Eyewitness News reporter Dave Faherty spent the night with a crew of bat biologists to find out how they're working to stop the spread of the disease.
Officials said bats are especially important during the summer months.
"(Brown bats) can eat up to two tons of insects over the course of a summer, so bats consume a lot of insects," said Corinne Diggins with the North Carolina Wildlife Resources Commission. "A little brown bat can eat its weight in insects in one night."
But White Nose Syndrome, a disease that only affects bats, is killing them by the hundreds of thousands across the eastern U.S. It was first discovered in a cave in New York in 2006. In five years, it spread to 16 states and Canada. This year, it reached caves in four counties in North Carolina where biologists discovered dead bats.
"The little brown bats were really the most common in the northeast before White Nose hit, and White Nose decimated them, killing up to a million bats," said Mike LaVoie, a biologist with the Eastern Band of Cherokee Indians.
To capture and study bats, the biologists set up nets, some of which extend 20 feet above the ground, around sunset. Minutes after raising the nets, they captured their first bat.
The animals are weighed and measured and studied for signs of White Nose Syndrome.
"We're looking for any discoloration, which would indicate scarring from damage. It could be due to White Nose Syndrome," said biologist Gabrielle Graeter, with the North Carolina Wildlife Resources Commission.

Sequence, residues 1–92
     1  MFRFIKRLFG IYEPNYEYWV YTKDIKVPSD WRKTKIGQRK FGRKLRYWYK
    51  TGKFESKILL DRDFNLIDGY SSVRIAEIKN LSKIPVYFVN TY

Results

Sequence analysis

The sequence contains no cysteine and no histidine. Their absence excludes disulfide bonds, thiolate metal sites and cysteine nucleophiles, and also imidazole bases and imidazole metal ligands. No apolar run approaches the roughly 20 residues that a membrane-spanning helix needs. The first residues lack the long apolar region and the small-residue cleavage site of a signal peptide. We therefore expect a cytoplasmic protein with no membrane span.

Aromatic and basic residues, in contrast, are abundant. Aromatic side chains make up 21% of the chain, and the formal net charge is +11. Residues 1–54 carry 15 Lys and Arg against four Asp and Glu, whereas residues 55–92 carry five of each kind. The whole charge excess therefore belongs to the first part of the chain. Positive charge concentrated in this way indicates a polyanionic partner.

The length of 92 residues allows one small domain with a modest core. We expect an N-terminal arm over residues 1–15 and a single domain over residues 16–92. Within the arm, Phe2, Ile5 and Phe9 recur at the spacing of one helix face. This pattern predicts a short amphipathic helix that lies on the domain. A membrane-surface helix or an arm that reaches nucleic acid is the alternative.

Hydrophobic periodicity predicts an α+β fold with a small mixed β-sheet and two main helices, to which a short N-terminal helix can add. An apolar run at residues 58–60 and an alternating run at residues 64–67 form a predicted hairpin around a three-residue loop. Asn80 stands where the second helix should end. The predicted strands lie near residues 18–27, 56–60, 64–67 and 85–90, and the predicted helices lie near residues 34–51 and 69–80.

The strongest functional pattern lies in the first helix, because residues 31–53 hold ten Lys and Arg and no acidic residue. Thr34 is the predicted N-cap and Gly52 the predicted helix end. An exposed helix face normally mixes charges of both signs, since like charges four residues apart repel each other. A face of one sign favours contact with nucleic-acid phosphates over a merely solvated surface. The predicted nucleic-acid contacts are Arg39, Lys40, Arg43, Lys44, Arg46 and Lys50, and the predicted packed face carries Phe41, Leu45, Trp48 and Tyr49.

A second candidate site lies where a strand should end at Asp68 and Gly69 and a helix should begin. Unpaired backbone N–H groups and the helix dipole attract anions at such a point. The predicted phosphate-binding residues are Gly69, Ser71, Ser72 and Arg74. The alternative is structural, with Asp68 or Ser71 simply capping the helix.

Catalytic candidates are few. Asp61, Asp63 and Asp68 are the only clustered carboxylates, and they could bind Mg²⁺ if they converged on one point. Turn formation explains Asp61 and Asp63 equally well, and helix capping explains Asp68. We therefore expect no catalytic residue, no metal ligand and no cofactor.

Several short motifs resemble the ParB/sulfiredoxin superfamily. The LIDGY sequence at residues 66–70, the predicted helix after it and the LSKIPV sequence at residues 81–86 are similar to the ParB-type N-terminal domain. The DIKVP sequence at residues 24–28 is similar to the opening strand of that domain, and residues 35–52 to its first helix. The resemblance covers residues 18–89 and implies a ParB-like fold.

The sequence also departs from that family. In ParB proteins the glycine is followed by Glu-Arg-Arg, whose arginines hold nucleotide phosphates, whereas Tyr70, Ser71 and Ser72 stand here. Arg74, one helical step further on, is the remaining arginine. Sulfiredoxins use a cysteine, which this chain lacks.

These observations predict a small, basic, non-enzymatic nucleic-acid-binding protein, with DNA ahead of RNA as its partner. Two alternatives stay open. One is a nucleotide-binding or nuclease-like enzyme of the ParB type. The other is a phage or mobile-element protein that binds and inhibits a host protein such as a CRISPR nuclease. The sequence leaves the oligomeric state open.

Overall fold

Biologists said the fungus is the most dangerous during the winter months, when hundreds of bats hibernate together in caves. In some parts of the country, the disease has wiped out 90 percent of the bats in caves where the fungus was found.
"We're very, very concerned that we could see a huge crash in some of our species and the potential effects of that could be huge," Graeter said.
Because there has been some evidence that humans may inadvertently spread the disease from cave to cave, the state has issued an advisory asking people to stay out of the caves. The biologists studying the bats decontaminated all of their clothing and equipment before leaving.
The bats captured that night were released after being studied.
"Right now, there is no known cure and basically we are just trying to stop the spread and contain (it), but there's a lot more questions than answers," LaVoie said.
More Information: National Wildlife Health Center - White Nose Syndrome